Advanced Search

Home > Journals > Minerva Anestesiologica > Past Issues > Minerva Anestesiologica 2004 April;70(4) > Minerva Anestesiologica 2004 April;70(4):245-50



A Journal on Anesthesiology, Resuscitation, Analgesia and Intensive Care

Official Journal of the Italian Society of Anesthesiology, Analgesia, Resuscitation and Intensive Care
Indexed/Abstracted in: Current Contents/Clinical Medicine, EMBASE, PubMed/MEDLINE, Science Citation Index Expanded (SciSearch), Scopus
Impact Factor 2,036


Minerva Anestesiologica 2004 April;70(4):245-50

SMART 2004 - Milan, May 12-14, 2004 


Administration of inhaled nitric oxide in newborns

Biban P.

Terapia Intensiva Neonatale e Pediatrica, Divisione di Pediatria, Ospedale Civile Maggiore, Azienda Ospedaliera di Verona, Verona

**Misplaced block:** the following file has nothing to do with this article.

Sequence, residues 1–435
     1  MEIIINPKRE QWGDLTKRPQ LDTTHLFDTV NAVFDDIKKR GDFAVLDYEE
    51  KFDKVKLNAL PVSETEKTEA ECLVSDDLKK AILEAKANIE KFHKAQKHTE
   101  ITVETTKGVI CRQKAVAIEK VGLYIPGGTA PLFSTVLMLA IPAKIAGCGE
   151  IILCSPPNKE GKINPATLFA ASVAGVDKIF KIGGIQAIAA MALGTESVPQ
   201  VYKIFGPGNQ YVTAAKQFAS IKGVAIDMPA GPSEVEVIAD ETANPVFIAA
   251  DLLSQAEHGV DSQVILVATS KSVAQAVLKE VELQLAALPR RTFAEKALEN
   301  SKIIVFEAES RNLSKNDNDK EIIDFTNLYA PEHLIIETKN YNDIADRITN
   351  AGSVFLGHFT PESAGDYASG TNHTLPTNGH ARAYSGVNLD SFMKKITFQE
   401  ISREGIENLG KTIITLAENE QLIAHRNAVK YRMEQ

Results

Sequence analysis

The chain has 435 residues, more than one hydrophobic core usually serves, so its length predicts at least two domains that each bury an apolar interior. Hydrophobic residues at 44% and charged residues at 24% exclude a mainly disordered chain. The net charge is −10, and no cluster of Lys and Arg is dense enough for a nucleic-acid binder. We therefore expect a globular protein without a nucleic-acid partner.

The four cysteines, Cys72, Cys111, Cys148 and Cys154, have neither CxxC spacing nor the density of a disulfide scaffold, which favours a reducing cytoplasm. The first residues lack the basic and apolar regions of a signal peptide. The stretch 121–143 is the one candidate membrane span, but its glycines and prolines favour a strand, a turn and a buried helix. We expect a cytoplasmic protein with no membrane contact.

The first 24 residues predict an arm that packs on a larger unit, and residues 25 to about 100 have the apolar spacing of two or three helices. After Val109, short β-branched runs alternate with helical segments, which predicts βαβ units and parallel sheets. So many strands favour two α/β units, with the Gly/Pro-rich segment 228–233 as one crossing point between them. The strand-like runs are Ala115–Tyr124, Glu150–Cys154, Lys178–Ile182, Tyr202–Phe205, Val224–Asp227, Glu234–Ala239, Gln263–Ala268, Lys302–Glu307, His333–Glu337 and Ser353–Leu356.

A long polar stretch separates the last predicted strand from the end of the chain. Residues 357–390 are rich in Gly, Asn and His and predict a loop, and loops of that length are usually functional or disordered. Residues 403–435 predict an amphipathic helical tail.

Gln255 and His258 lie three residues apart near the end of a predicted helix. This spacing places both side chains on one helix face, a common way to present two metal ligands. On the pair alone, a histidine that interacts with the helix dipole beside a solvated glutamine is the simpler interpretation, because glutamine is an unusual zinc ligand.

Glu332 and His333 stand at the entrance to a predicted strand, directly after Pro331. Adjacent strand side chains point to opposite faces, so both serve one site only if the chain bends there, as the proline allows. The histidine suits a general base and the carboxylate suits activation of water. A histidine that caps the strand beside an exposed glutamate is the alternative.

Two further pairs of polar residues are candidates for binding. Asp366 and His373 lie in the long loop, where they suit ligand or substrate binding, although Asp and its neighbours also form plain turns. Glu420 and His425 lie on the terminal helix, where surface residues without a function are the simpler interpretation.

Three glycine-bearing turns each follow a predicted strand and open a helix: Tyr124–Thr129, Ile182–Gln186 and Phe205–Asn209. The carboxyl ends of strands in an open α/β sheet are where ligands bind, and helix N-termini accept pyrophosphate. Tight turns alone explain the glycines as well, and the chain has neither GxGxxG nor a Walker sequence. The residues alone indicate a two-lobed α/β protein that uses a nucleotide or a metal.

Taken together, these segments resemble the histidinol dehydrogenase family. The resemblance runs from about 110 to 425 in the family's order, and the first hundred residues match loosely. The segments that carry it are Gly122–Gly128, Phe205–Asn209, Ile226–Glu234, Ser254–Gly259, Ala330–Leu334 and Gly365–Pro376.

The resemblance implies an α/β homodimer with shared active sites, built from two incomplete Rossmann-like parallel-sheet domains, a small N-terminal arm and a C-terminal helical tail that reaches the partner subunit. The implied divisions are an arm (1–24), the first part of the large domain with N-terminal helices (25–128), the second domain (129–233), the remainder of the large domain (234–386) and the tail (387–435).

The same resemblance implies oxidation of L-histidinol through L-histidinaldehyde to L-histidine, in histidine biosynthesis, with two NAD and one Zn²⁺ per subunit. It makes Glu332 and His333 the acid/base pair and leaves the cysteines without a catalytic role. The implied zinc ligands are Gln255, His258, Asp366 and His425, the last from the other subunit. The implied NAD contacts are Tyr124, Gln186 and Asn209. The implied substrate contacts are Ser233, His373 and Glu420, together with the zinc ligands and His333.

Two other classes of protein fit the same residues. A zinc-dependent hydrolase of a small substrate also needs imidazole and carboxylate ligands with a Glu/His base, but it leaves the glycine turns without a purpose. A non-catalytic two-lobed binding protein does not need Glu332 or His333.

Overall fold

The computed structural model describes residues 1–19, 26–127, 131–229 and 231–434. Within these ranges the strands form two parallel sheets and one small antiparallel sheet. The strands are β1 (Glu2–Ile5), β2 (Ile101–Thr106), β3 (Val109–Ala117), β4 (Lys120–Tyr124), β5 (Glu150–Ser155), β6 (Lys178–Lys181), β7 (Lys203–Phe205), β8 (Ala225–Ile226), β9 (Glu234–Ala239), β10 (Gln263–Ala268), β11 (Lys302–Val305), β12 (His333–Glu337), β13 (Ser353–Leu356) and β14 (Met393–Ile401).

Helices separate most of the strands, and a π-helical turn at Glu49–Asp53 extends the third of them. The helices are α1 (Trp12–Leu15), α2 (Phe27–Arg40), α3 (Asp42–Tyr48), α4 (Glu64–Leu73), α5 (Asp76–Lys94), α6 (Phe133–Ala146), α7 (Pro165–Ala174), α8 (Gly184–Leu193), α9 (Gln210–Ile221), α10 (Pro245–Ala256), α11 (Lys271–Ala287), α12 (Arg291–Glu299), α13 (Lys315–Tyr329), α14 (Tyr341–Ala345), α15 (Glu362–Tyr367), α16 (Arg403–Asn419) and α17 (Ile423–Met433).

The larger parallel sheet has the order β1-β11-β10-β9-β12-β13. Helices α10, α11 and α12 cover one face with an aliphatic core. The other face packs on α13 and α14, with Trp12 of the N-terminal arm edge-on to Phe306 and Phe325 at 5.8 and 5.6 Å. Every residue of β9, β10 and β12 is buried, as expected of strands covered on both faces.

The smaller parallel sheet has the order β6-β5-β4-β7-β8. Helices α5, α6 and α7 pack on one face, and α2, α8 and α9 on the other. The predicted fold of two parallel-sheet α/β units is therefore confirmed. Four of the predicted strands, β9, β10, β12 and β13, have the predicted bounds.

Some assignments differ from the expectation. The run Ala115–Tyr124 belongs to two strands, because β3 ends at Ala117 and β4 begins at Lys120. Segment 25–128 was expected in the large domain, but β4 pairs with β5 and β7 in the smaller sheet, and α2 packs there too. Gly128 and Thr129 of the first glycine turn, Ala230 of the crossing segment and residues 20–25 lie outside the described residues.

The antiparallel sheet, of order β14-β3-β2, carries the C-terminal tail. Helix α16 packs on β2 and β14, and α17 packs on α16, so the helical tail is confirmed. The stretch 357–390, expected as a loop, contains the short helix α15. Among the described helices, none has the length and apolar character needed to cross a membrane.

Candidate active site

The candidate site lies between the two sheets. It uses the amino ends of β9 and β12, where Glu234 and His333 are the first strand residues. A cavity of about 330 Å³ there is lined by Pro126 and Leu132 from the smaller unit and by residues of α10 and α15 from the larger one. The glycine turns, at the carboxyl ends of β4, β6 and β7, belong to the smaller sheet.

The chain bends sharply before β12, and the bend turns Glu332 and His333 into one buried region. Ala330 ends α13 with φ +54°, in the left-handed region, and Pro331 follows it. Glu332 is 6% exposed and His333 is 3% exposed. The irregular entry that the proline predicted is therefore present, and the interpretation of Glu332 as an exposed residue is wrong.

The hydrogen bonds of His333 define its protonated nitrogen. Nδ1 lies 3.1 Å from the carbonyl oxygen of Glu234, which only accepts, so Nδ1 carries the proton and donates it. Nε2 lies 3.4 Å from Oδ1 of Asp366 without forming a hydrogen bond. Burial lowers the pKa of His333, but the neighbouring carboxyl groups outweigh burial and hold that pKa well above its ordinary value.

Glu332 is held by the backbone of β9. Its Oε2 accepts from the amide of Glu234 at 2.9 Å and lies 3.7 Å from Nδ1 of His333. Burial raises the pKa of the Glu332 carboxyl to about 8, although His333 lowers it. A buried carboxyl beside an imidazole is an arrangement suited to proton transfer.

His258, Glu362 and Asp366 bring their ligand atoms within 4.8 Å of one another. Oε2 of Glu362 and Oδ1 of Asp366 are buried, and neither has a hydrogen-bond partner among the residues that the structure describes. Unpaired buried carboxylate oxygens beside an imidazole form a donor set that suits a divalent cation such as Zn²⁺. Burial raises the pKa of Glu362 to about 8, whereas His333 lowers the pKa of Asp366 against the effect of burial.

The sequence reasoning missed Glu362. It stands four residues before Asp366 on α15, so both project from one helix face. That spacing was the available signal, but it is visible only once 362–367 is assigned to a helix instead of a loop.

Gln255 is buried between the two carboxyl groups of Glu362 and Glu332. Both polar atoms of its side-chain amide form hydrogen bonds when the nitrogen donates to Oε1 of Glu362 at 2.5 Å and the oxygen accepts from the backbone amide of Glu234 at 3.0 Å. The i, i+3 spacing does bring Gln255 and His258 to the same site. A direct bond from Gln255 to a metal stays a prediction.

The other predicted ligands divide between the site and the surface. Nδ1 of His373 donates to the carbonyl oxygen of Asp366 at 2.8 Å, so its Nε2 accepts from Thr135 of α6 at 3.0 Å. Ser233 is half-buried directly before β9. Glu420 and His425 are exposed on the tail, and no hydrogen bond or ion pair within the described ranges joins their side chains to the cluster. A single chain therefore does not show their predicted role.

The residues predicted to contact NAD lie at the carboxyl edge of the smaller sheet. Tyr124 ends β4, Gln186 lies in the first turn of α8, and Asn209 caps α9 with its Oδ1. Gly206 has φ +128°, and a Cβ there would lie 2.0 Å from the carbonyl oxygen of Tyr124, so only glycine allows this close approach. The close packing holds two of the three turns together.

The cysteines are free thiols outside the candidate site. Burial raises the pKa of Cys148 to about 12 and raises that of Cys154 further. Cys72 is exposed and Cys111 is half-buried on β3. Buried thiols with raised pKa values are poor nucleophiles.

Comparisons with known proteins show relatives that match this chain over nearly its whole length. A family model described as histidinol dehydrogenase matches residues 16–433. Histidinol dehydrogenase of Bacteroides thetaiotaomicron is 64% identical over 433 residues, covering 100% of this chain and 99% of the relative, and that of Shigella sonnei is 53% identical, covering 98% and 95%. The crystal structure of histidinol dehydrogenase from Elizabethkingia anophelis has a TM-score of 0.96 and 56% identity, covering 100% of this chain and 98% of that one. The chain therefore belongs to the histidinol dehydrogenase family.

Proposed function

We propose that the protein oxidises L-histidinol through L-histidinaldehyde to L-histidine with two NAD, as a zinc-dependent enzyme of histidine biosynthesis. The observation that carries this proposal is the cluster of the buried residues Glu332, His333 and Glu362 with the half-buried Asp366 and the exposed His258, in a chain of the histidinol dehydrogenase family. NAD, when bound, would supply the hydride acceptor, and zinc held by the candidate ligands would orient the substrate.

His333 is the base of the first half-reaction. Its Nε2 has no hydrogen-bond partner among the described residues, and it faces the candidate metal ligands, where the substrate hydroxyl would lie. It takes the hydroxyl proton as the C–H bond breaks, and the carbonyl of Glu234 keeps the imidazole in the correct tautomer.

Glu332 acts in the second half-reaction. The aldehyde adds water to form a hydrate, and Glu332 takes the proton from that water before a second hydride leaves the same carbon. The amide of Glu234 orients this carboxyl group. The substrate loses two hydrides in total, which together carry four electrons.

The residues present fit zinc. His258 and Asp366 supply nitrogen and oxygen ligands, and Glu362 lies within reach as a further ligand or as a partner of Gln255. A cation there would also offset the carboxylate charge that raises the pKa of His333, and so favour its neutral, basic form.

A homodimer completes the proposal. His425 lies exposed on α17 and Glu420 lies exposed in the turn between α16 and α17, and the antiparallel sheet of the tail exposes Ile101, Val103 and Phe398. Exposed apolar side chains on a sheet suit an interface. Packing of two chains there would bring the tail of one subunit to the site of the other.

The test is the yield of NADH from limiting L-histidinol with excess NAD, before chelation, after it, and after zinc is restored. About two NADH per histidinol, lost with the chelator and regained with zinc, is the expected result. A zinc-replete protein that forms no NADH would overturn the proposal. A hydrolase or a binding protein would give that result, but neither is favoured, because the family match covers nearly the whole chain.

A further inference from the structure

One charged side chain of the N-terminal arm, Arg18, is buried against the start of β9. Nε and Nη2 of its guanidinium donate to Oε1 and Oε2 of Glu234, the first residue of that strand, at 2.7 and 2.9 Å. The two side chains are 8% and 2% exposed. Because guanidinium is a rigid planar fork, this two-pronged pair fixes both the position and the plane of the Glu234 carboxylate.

The use of inhaled nitric oxide (iNO) in newborn hypoxemic respiratory failure is based on the evidence of selective pulmonary vasodilation, without systemic side effects.
It is usedin more than 34 weeks old newborns, with severe acute pulmonary hypertension and right-left extrapulmonary shunt. In the other cases (i.e. pneumonia, sepsis, ARDS), the therapeutic effect is less evident; no final data are available on the use of iNO in pre-term babies.
The recommended dosage is 20 ppm, scaling down until 5 ppm and the 40 ppm should never be reached. The length of treatment is variable, usually no more than 7 days and the weaning should be progressive.
In conclusion,the use of iNO in newborns with persistent pulmonary hypertension reduces the need of ECMO, but does not substantially modify the outcome.

language: Italian


top of page